Królewska close to Marszalkowska
In November 1939, one months after the Germans entered Warsaw under the pretext of containing the outbreak of typhus, the “Seuchensperrgebiet” (area threatened by typhus) is established. Jews are forbidden to live outside this designated area.
To start with the area of the future ghetto was surrounded by road signs. The construction of walls, also known as “sanitary blockades” started in Spring 1940. There was no typhus epidemics at that time but German District Medical Officer wanted to seal off this part of the city as there was always an increased incidence of epidemics during the winter months.
The area that was chosen had been marked as endangered by epidemics (Seuchensperrgebiet), which was almost the same as the area later decided to be closed as Warsaw Ghetto.
By the Fall of 1941, the Germans institute draconian measures to confine the Jews to the Ghetto. Additionally, an important part of their plan is to isolate Polish Jews from the rest of the Polish population by whatever drastic action is required. Hence, the Germans mount a campaign claiming Jews to be disease carriers. Secondly, any assistance rendered to a Jew is made punishable by execution. The Posting is signed by Fischer, the German Governor of Warsaw.
Regarding: Death sentence for leaving illegally the Jewish residential district.
Recently, in many documented instances, Jews, who have left the residential districts allotted to them, have spread typhus. To safeguard the population against the dangerous threat created by this behavior, the General Governor has ordered that any Jew, who in the future leaves illegally the residential district to which he is allotted, will be punished by a death sentence.
This same punishment will apply to whoever consciously shelters Jews or in any other way assists them (for instance, by providing overnight accommodation, or sustenance, by giving a ride in any kind of vehicle, etc.)
The sentence wifi be imposed by the Special Tribunal in Warsaw.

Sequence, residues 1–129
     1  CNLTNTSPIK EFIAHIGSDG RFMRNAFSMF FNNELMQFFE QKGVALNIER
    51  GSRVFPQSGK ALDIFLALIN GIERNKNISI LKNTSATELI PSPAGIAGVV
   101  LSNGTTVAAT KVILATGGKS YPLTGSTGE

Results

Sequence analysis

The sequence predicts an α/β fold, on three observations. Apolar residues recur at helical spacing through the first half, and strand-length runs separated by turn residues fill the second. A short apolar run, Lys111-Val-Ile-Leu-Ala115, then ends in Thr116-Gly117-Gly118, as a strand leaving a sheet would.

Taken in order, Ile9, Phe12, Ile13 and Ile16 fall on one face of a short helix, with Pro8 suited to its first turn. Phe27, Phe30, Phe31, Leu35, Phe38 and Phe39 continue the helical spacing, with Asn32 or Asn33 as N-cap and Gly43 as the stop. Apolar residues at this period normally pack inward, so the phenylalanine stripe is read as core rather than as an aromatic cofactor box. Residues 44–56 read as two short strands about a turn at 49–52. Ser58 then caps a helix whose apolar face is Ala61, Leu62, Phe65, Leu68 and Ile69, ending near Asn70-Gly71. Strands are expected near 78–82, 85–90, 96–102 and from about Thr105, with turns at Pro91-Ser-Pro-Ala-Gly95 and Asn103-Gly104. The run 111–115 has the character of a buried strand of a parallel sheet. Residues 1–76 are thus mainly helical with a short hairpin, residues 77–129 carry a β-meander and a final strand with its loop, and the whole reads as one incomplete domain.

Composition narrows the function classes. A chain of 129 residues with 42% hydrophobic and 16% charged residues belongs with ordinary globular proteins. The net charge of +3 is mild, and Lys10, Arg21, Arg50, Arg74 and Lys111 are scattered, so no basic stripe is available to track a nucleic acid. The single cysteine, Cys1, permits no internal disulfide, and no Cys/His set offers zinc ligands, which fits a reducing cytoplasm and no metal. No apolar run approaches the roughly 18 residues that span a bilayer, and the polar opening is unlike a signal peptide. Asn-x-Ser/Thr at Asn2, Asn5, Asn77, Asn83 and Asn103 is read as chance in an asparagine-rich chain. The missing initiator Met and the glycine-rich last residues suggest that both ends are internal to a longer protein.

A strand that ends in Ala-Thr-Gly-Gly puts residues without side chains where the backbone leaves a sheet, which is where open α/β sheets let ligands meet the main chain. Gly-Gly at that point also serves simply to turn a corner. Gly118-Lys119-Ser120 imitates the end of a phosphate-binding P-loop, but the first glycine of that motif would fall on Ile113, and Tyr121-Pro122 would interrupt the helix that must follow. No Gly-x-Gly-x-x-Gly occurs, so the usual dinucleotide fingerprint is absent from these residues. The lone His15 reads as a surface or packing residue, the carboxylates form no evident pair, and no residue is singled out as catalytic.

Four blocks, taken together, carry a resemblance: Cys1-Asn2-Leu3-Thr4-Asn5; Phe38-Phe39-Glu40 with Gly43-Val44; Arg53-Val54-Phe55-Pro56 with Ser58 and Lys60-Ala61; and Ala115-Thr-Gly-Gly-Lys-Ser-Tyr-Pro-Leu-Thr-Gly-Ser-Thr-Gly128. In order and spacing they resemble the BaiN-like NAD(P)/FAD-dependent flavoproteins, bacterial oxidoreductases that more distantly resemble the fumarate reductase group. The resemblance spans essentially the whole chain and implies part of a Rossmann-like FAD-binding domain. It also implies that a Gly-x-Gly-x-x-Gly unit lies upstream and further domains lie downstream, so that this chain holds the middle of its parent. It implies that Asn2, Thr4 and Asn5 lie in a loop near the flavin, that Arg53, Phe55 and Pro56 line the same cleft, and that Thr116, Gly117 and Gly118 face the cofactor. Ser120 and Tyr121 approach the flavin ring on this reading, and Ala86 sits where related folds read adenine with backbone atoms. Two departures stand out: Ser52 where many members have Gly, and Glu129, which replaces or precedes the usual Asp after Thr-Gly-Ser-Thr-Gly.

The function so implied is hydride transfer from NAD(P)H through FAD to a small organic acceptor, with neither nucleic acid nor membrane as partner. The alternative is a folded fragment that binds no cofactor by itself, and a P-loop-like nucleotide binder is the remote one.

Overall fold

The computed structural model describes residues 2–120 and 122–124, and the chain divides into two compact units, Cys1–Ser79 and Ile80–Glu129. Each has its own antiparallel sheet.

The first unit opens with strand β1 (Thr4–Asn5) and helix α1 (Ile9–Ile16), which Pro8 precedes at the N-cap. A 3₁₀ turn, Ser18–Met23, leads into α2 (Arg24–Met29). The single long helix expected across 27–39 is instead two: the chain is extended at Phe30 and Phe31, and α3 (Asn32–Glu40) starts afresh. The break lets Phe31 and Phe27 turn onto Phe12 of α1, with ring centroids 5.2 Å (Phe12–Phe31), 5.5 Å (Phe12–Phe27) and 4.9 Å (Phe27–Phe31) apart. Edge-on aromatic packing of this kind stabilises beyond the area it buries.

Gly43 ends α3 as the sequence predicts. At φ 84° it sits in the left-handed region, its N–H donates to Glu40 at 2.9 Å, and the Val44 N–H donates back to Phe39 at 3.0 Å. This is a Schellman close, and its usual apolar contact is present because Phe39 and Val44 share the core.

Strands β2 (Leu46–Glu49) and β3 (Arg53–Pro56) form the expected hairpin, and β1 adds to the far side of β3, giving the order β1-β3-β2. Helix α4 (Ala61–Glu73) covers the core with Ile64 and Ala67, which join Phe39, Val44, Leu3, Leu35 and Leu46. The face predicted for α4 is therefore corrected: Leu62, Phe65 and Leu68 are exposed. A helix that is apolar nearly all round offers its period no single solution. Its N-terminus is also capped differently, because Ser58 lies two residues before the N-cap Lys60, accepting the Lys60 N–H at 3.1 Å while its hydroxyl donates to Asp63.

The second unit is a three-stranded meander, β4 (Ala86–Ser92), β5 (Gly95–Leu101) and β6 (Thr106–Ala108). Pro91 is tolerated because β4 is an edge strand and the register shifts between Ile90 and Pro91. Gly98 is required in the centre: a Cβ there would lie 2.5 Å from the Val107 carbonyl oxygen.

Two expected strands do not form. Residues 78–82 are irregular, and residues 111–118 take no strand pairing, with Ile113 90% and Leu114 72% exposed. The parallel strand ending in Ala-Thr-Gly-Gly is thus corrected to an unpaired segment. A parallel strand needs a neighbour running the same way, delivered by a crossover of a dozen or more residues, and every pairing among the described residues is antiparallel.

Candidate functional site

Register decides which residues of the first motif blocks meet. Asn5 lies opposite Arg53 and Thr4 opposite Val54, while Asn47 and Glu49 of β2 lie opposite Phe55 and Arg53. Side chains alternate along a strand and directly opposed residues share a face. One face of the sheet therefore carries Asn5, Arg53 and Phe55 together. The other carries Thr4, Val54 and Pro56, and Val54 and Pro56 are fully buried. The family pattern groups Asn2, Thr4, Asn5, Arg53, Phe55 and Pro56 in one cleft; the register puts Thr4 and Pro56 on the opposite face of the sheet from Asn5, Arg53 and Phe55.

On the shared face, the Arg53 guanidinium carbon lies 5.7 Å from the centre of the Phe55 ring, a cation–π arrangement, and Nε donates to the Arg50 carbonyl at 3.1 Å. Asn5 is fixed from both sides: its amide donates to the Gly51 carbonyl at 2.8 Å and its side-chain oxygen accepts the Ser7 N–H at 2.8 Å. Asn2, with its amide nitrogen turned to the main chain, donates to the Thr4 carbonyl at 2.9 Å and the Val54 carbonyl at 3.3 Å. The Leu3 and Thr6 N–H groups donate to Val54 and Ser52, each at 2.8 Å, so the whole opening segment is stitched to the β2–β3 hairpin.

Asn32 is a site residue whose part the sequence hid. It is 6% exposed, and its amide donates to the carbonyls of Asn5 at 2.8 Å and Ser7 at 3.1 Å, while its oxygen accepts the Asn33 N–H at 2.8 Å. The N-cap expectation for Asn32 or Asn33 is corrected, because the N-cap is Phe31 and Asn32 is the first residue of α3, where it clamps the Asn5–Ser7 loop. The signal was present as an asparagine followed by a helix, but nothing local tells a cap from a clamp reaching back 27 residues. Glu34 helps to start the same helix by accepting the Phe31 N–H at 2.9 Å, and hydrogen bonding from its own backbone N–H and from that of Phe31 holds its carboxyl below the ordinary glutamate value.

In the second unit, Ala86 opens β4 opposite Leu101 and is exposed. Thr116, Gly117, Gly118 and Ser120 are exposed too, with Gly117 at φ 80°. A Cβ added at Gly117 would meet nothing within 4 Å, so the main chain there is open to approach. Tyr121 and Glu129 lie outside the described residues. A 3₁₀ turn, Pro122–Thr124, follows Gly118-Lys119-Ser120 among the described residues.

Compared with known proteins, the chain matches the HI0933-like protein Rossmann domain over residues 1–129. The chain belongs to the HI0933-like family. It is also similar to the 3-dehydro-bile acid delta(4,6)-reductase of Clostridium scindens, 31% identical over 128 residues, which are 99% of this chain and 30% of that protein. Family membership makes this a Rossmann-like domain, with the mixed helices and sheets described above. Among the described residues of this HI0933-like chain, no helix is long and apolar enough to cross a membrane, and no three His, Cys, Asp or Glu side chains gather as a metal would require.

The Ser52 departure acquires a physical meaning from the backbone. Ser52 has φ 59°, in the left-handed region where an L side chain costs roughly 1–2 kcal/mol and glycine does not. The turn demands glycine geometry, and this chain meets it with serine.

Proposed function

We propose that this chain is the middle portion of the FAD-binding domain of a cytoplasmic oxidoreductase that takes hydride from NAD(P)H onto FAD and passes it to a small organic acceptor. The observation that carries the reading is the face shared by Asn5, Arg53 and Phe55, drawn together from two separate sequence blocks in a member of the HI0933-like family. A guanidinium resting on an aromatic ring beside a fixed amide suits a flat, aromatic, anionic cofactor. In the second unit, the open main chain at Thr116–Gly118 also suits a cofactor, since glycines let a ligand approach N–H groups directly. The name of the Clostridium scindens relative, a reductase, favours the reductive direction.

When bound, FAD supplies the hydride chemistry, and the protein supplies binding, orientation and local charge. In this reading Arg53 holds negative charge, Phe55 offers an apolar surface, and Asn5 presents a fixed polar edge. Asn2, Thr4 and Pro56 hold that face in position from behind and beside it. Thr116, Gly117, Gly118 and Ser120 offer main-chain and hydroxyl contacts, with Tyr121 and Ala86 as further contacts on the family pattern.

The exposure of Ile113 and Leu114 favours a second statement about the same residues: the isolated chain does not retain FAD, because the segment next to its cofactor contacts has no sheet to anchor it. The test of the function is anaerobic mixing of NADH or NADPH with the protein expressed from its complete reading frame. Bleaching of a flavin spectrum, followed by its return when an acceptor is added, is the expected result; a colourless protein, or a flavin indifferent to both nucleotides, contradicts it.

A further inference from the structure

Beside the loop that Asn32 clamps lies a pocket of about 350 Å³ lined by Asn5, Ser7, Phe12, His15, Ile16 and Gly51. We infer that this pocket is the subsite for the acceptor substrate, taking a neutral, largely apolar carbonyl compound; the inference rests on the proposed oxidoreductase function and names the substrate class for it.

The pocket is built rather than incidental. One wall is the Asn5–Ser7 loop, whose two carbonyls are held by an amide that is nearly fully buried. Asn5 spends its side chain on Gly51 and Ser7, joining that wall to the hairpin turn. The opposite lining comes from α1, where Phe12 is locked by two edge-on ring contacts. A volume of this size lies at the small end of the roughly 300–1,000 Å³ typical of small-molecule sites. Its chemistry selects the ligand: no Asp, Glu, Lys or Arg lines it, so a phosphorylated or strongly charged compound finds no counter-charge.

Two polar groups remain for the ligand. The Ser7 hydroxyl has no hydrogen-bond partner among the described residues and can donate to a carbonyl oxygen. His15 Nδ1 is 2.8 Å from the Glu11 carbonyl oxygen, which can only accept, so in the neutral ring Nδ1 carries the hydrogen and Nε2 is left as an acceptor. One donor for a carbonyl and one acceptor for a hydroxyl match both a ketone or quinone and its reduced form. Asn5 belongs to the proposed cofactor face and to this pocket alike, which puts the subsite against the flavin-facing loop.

I explicitly draw the attention of the whole population of the Warsaw District to this new regulations since henceforth it will be applied with merciless severity.
Warsaw, 10 November 1941
(-) Dr Fischer
|Złota and Zielna|
On November 16, 1940. the ghetto was cut off from the rest of the city. The ghetto area, surrounded by a wall and other fences, was initially 307 hectares (759 acres); with time, it was reduced. Starting in January 1942, it was divided in two parts called the small and large ghettos. The ghetto area housed, pre-war, 160,000 persons but the Germans force 550,000 to live there. Gross crowding results. The population density rises to an average of 15 persons per room.
A barbed wire fence surrounds the Warsaw Ghetto in this photo from the Jan Karski collection at the Hoover Archives. Here Waliców and Krochmalna street crossing.
|Vie on Sosnowa str as seen from Sienna street. The building in the back is on Sliska str. Two type of fences are seen, first along Sienna str (close to photographer) and next closing the possibility to pass from Sosnowa str to Sienna str.|
Ghetto boundaries undergo frequent shifts. The walls and barbed wire fences were then moved. The wooden fence visible in this early 1941 photo of the Ghetto boundary, was later replaced with a wall.
Złota to Sienna and Zielna to Wielka